During the release of the seven episodes, I would run frequent contests. “Retweet this tweet to win a rare, autographed postcard!” Something like that. And I would be sure to have a direct url to the episode in the tweet as well. People love free stuff, and the retweets spread like wildfire. It drew a lot of interest to the show, and between the postcard stamp and expense of printing the cards, I spent about $0.40 per price. Considering the attention it gained the show and that most of the recipients left an iTunes review, it was definitely money well spent.
Social Media Marketing can be a HUGE TOOL! It depends on the cite you work with and the subject of your show, but I used social media marketing with The Others. As a trial run, I used the same funds on first Twitter and then Facebook. The impressions and interactions are different between the two cites, but I tried to compile the overall results below to share.
First week of marketing:
- Platform: Twitter
- Funds used: $15.
- Listeners before (Ep. 3): 24,220
- Listeners after (Ep 4): 27,831
- Percent Increased: 14%
First week of marketing:
- Platform: Facebook
- Funds used: $15.
- Listeners before (Ep. 4): 27,831
- Listeners after (Ep 5): 33,981.
- Percent Increased: 22%
Thoughts: From episode to episode, I was averaging about a 10% increase, so if you factor that in, then Twitter boosted it an additional 4% and Facebook was a 12% increase.
For just $15 dollars, that is a reasonably good increase in thousands of listeners, and Facebook made it much easier to target an audience. (For example, I set it to program males from age 18-35 who listen to podcasts and interact with adds. Twitter is not that specific.)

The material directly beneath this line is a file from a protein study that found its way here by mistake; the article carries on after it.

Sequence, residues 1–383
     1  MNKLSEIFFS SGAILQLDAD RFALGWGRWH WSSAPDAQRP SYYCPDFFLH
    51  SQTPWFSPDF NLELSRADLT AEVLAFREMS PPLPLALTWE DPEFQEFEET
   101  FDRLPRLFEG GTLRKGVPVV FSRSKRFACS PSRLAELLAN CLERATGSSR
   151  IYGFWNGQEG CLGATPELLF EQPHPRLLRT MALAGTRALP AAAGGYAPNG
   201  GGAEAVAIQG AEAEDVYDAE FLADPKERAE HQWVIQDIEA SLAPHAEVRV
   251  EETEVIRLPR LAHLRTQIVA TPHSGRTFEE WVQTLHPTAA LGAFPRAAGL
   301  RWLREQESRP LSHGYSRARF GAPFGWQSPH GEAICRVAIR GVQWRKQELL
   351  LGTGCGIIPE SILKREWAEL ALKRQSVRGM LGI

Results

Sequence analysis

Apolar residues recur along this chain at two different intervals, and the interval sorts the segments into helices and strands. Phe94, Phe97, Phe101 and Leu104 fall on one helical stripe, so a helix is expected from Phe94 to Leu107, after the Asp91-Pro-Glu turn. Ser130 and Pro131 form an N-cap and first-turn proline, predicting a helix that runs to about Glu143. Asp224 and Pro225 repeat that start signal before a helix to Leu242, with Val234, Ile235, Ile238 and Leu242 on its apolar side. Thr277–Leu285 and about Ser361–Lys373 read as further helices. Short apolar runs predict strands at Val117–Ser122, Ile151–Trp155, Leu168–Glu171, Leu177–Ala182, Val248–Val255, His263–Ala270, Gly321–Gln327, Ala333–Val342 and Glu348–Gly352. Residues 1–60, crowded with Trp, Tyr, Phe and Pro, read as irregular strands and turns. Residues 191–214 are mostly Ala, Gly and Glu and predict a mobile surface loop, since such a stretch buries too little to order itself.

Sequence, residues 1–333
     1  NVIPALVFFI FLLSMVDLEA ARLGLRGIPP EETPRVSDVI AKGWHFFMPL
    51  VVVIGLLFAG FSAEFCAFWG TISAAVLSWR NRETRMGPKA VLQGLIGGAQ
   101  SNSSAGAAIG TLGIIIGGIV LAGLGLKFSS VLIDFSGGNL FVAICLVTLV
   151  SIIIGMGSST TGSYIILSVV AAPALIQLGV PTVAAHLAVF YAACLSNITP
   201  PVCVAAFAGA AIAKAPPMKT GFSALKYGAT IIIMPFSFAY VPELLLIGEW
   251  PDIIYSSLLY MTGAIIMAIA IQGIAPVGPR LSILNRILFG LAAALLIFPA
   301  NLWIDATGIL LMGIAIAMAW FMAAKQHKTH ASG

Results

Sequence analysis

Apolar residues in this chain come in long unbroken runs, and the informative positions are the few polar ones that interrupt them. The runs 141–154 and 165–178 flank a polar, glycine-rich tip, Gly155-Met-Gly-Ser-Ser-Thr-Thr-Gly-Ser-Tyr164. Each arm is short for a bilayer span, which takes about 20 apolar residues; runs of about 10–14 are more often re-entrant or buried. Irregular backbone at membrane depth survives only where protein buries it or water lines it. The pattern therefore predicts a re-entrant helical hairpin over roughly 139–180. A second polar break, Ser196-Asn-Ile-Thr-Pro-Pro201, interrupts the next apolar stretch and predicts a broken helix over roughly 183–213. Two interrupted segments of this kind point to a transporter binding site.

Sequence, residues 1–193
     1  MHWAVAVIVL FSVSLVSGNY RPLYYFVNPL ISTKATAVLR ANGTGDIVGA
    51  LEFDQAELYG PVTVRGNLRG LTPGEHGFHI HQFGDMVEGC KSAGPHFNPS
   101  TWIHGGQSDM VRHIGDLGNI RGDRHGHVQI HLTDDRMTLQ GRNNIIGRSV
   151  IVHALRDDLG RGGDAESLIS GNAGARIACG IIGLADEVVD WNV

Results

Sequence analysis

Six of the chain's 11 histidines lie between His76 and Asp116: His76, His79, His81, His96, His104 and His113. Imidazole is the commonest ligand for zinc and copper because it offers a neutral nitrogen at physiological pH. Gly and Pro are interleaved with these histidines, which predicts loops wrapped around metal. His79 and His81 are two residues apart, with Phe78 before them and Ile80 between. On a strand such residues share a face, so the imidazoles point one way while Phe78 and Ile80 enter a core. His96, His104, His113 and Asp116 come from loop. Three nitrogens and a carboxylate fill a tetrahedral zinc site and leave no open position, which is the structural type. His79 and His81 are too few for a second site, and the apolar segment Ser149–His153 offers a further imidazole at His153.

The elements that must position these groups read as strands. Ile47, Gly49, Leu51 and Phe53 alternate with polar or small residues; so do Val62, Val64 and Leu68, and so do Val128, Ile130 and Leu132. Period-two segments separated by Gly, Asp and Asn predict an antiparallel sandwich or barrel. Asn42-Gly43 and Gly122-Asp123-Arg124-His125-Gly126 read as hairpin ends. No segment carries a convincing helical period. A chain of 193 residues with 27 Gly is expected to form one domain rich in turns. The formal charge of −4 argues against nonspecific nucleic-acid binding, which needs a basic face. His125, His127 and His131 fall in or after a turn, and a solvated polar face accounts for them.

Podcasters, in general, are a helpful breed of people. If you are stuck or want to know the best way to tackle a project, just join an online forum of community (Facebook has a great one). It might be flooded with people who are getting 30 downloads a show, BUT those people know about audio nonetheless. They can troubleshoot most problems and offer good ideas. The hardest part is wading through the information overload and trying to select the best pieces of info, but if you can handle that challenge then it will be a tremendously helpful resource.
Also, the first 24 hours of the podcast are vitally important. For iTunes and the other hosts to find the show and start supporting it (referring to the charts algorithm), the show needs to get as many downloads and reviews as possible. That being said, this is where you get to be a “horrible person.” Email/text/facebook all your friends. Send them a link and a plea for a review–trying to sound as not desperate as possible, of course–and kindly ask them to help. Many of them will. Most probably won’t. But if you can get 30 reviews out of 300 friends, it will be well worth your time. Trust me.